What it is: The 4Runner TRD Pro is the ultra off-road capable SUV that Toyota introduced a few years ago. The current 4Runner was actually released as a 2010 model, but model sales have actually increased tremendously as SUVs have become more popular. None for being one of the most reliable and durable SUVs, a more extreme off-road version was a likely outcome. The base 4Runner, with an SR5 trim that starts at $37,305, the TRD Pro tips the scales at a hefty $52,120; so, Toyota has definitely packed in the options.
All 4Runners are powered by the aging 4.0-liter V6 engine that produces 270 horsepower and 278 lb-ft of torque. It is nothing special, but the gas mileage it returns, 16 MPG city and 19 MPG highway, is pretty bad. Honestly, most buyers won’t care, though. The TRD Pro has unique 17-inch alloy wheels wrapped in meaty, all-terrain tires that are designed to provide off-road traction, while also providing some on-road comfort. I’ve reviewed two different 4Runner TRD Pros and have had a pretty negative experience with driving with them on the highway. There was a distinct wobble at around 65-75 MPH in the first test unit and my most recent one had it around 50-55 MPH. They also tend to wander back and forth slightly on the road, which might be something that you get used to, but felt pretty annoying to me.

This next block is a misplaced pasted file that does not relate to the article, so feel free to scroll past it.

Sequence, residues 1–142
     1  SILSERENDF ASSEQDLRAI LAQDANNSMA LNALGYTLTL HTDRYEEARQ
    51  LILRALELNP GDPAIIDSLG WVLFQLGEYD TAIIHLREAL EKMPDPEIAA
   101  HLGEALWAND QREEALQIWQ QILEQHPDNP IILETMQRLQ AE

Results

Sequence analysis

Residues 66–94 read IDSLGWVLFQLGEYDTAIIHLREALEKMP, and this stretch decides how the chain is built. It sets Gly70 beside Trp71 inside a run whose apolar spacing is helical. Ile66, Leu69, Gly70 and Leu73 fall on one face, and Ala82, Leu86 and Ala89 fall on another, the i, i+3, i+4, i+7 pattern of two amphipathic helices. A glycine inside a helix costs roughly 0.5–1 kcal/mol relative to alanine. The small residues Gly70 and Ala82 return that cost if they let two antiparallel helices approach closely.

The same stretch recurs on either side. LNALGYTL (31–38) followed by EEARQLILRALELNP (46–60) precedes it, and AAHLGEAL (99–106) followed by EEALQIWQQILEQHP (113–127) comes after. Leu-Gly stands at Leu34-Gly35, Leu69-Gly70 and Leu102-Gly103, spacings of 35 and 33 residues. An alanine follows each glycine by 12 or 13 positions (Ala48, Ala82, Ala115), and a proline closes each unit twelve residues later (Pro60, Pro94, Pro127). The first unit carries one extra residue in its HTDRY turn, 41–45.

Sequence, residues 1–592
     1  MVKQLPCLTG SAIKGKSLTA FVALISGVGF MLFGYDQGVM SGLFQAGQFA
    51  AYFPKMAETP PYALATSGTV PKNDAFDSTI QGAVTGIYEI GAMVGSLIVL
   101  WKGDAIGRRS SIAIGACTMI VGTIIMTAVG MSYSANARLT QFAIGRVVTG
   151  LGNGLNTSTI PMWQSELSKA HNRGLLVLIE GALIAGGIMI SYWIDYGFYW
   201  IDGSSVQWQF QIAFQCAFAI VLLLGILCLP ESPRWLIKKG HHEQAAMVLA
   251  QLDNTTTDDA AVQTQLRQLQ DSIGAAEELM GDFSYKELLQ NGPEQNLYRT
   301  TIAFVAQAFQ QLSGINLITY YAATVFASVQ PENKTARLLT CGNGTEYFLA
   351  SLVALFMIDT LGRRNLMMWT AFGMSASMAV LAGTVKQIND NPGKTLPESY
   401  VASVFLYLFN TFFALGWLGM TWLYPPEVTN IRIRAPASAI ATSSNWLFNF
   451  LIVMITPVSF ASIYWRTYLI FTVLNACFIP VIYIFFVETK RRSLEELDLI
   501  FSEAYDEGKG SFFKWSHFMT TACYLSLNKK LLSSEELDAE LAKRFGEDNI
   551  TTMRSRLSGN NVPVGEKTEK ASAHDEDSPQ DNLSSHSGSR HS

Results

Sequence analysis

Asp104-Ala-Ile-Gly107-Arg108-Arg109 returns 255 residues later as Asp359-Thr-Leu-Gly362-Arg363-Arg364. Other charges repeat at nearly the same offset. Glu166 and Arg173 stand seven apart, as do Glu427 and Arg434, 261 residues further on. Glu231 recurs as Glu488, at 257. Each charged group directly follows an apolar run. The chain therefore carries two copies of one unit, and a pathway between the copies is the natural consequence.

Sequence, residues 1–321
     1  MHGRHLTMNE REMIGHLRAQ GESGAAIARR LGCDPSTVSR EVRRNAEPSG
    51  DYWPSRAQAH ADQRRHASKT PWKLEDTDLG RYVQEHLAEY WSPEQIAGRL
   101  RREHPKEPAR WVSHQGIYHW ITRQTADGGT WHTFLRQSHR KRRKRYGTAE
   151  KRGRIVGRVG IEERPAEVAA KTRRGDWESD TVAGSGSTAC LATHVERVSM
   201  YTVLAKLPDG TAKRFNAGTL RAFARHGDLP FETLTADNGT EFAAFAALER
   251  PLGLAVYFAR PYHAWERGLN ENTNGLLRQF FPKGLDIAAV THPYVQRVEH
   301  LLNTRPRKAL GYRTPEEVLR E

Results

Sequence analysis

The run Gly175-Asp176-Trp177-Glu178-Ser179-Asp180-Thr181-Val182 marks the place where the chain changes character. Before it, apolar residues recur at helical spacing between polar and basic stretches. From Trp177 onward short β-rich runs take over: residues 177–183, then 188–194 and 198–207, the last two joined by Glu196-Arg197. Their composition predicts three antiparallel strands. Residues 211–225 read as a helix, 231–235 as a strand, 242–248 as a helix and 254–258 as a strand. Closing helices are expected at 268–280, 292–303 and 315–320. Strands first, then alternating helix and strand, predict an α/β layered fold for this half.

The TRD Pro also features a FOX Shock and tuned suspension, which again, is designed to provide performance on extreme terrain. I am not an off-road vehicle dude, so I’m not particularly qualified to say how the TRD Pro performs on extreme terrain, but the consensus online is that it does a pretty good job.
There are a bunch of other appearance-aimed features like a TRD roof rack, special badging, interior trim and a silver metal skid plate under the front bumper with TRD emblazoned in red. Yes, a skid plate is something functional but you also have to wonder how many buyers of a $50,000 SUV are planning on risking their vehicle in a place where a rock could damage the oil pan or front suspension.
There’s nothing particularly interesting about the 4Runner, short of a tailgate party mode button on the dash that pushes the audio to the rear speakers and increases the bass, and also an extremely handy slide-out cargo tray in the trunk area. It locks in place and can hold up to 440 pounds of cargo and will extend more than a foot outside of the hatch opening. Pretty cool!
MPG: 17 combined/16 city/19 highway
Upsides: Off-road capability.
Downsides: High price and terrible gas mileage.
Wrap-up: Is the 4Runner TRD Pro off-road capable? Absolutely! Is it the worst version to drive on a day-to-day basis and costs the most? Also, yes. The TRD Pro version packs both bravado and capability in spades, but at what cost? It would be honestly hard to ignore the new Land Rover Defender which has a base MSRP $4,400 lower if you wanted something rugged and a little more refined (then again, you don’t get the low cost of Toyota maintenance and certainly less longevity). While I do understand why you would buy a 4Runner TRD Pro, I don’t covet their purchase.